Furthermore, PS requires special facilities and equipment to compress it into a more manageable size and then heat it to a high temperature to break it down. Due to these factors, most recycling programs find recycling PS uneconomical, and it often ends up in landfills.

Other Recyclable Plastics

This category is a mixed bag. It includes any plastic that does not fit into any of the above categories. Some of these plastics are recyclable, while others are not.

Why Are Some Plastics Recyclable but Others Aren’t?

The recyclability of plastic largely depends on two factors: the type of plastic and the local recycling program. Different types of plastics are made from different types of resin, leading to varying properties and recycling processes. For instance, PET and HDPE are widely recycled, as they can be easily reprocessed into new items. On the other hand, the remaining plastics on this list are less commonly recycled due to the complexity and cost of their recycling processes.

Local recycling programs also play crucial roles. Not all recycling facilities have the capacity or technology to recycle all types of plastic, which means the recyclability of a plastic item can vary depending on your location. Some recycling programs accept only certain types of plastic, while others may accept more types. Each type of plastic is theoretically recyclable, but practical and economic factors determine whether or not it is recycled.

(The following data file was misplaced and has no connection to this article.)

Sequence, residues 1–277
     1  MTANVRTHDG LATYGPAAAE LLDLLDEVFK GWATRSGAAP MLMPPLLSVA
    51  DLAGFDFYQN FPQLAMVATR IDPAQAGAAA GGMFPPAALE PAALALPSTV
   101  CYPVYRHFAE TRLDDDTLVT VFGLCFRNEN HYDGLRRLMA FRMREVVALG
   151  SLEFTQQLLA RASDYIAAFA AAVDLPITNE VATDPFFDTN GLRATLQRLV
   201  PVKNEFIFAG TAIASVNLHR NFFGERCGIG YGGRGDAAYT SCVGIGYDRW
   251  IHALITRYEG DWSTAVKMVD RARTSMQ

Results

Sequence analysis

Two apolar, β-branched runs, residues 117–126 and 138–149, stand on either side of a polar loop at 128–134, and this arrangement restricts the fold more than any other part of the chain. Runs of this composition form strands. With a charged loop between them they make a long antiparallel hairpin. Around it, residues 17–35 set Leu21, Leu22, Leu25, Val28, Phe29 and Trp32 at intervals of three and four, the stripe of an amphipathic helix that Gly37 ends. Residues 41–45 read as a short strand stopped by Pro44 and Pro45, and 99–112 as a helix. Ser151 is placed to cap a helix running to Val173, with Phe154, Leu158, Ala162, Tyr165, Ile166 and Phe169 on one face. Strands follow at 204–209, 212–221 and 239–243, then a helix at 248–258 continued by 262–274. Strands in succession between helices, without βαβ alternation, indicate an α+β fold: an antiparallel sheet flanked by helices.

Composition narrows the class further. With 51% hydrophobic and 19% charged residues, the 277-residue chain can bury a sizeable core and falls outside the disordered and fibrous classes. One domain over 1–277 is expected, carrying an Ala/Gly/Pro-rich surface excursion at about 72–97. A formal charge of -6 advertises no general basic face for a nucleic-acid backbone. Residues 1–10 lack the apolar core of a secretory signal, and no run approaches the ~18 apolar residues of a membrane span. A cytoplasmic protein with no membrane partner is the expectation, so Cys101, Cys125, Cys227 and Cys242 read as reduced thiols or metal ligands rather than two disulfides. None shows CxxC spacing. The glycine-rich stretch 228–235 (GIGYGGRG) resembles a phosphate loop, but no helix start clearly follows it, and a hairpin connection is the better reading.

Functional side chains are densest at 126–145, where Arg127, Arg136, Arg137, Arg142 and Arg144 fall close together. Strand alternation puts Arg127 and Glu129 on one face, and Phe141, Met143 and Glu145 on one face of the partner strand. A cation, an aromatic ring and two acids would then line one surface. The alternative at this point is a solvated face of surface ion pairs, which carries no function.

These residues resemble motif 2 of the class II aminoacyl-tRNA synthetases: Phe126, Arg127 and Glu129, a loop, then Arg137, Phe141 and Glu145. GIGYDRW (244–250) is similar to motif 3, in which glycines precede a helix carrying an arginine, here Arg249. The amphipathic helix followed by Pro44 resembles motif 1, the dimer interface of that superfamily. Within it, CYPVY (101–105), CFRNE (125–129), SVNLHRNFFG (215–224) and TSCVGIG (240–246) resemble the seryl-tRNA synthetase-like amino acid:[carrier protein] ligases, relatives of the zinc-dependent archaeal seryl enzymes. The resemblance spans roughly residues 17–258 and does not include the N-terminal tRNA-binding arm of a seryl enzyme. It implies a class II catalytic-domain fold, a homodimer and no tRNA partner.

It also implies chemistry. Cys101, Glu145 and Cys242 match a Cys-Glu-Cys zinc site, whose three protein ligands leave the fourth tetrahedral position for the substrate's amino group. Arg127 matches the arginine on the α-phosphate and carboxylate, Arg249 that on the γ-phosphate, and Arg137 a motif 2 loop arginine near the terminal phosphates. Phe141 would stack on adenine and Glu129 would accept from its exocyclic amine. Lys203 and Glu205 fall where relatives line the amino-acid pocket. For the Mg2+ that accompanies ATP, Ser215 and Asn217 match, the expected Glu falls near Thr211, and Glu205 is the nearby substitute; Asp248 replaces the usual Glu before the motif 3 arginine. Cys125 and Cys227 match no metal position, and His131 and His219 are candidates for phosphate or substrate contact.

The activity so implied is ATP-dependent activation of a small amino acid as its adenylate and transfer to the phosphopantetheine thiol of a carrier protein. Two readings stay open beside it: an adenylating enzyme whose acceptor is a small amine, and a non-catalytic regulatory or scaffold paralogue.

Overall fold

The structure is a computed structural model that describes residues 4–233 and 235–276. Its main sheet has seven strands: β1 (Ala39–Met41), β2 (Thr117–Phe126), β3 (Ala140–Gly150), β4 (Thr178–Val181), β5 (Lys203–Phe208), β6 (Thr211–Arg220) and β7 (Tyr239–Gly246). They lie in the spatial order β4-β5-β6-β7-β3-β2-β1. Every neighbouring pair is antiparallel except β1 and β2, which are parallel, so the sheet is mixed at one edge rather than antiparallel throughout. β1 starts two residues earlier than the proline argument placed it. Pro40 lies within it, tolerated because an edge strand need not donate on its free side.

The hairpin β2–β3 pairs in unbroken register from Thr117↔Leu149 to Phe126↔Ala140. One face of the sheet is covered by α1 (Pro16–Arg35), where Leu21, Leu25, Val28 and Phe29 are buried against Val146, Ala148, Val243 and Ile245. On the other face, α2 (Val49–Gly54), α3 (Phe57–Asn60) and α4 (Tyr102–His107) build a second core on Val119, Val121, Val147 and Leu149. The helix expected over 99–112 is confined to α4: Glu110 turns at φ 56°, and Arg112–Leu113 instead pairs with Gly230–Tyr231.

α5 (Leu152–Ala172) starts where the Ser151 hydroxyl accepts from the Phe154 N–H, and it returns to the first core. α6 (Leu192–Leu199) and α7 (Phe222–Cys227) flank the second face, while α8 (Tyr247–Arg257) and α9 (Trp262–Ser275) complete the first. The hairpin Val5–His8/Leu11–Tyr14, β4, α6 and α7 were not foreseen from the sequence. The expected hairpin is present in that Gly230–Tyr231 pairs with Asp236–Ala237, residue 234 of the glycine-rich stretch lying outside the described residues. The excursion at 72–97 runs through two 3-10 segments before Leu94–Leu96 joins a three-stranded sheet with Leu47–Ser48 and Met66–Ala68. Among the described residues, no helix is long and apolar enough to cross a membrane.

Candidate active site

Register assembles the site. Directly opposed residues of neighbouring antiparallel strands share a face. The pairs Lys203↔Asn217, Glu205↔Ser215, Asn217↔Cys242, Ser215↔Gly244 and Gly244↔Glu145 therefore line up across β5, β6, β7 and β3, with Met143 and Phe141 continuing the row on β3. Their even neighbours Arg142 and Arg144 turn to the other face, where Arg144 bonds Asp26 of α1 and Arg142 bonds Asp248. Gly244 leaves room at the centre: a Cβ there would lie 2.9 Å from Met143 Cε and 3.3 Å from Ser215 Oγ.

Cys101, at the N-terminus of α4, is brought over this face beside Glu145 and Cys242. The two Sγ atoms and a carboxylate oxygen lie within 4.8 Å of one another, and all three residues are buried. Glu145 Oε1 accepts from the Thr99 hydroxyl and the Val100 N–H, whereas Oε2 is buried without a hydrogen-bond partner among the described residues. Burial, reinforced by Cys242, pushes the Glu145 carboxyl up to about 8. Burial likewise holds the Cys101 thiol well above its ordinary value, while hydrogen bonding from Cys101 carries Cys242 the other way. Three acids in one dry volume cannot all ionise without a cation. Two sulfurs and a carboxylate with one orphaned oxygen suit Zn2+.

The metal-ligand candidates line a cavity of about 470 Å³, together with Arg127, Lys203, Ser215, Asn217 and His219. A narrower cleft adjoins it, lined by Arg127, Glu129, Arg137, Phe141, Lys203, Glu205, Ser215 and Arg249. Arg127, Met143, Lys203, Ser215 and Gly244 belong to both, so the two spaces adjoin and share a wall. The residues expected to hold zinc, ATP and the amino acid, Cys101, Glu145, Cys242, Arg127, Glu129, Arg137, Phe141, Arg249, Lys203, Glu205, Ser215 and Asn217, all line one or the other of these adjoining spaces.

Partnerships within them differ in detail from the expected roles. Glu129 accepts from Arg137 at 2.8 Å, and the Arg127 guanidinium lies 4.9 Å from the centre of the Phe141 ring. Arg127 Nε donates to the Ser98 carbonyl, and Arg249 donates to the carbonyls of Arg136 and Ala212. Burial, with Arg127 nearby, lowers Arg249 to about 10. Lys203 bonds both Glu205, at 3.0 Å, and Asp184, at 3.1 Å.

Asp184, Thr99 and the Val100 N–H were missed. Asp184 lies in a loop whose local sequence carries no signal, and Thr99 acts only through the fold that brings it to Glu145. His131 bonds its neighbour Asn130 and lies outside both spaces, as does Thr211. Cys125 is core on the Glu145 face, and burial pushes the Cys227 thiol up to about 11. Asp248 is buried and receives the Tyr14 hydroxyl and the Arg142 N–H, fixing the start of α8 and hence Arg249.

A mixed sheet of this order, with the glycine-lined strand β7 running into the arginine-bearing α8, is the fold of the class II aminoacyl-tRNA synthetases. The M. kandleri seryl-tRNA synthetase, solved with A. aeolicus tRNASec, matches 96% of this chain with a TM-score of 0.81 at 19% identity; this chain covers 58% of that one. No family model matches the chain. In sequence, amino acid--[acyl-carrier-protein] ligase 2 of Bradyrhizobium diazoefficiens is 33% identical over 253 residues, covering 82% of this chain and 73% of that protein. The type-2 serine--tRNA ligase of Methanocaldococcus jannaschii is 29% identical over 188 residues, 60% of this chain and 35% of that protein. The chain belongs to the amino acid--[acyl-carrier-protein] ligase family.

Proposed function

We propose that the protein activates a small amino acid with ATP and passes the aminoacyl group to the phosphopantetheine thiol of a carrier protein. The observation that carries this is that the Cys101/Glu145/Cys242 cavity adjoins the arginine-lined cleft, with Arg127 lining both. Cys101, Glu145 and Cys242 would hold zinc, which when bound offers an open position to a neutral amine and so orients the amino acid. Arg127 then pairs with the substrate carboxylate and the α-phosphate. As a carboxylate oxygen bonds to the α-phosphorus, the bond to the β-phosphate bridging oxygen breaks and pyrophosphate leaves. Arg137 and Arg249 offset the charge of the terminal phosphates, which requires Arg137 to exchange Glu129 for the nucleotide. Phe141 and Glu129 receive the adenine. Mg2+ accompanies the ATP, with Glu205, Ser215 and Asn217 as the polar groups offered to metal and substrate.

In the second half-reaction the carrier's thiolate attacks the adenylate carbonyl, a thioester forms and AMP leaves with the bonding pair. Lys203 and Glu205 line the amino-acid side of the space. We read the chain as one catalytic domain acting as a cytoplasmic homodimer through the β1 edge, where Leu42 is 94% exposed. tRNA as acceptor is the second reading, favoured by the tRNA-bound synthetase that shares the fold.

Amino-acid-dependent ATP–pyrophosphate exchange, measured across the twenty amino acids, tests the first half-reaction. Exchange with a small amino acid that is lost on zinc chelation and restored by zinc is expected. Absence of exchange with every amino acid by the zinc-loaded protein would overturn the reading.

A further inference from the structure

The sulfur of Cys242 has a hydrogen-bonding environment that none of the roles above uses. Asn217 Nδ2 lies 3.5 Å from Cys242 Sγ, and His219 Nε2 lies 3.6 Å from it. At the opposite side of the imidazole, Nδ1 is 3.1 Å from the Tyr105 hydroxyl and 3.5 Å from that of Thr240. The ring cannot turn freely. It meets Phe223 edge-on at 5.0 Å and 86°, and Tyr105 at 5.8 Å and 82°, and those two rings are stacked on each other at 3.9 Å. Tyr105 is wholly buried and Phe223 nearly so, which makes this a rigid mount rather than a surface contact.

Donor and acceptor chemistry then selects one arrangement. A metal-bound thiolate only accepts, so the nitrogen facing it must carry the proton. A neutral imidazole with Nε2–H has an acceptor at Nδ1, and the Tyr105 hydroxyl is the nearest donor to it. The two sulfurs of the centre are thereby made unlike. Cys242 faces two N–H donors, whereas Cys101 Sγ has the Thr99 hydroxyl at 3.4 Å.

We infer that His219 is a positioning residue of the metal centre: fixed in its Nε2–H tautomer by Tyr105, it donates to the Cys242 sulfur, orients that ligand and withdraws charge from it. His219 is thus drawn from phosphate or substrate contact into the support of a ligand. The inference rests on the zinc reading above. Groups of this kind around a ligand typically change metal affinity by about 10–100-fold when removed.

Why Plastic Recyclability Matters 

The plastic bags you use to promote your brand play crucial roles in your commitment to sustainability. Opting for recycled or recyclable plastic can reduce your company’s carbon footprint, promote sustainable practices, and appeal to clients, employees, and partners who are committed to environmental efforts. 

At Holden Bags, we sell 100 percent recyclable custom plastic bags at wholesale prices, offering affordable, environmentally friendly plastic-bag solutions. On top of being sustainable, these bags are also customizable, allowing you to promote your brand proudly. 

Understanding which plastics are recyclable and which aren't is a significant step toward responsible waste management and better environmental practices. By being mindful of the products you use in your business, you can reduce your environmental impact and contribute to a more sustainable future.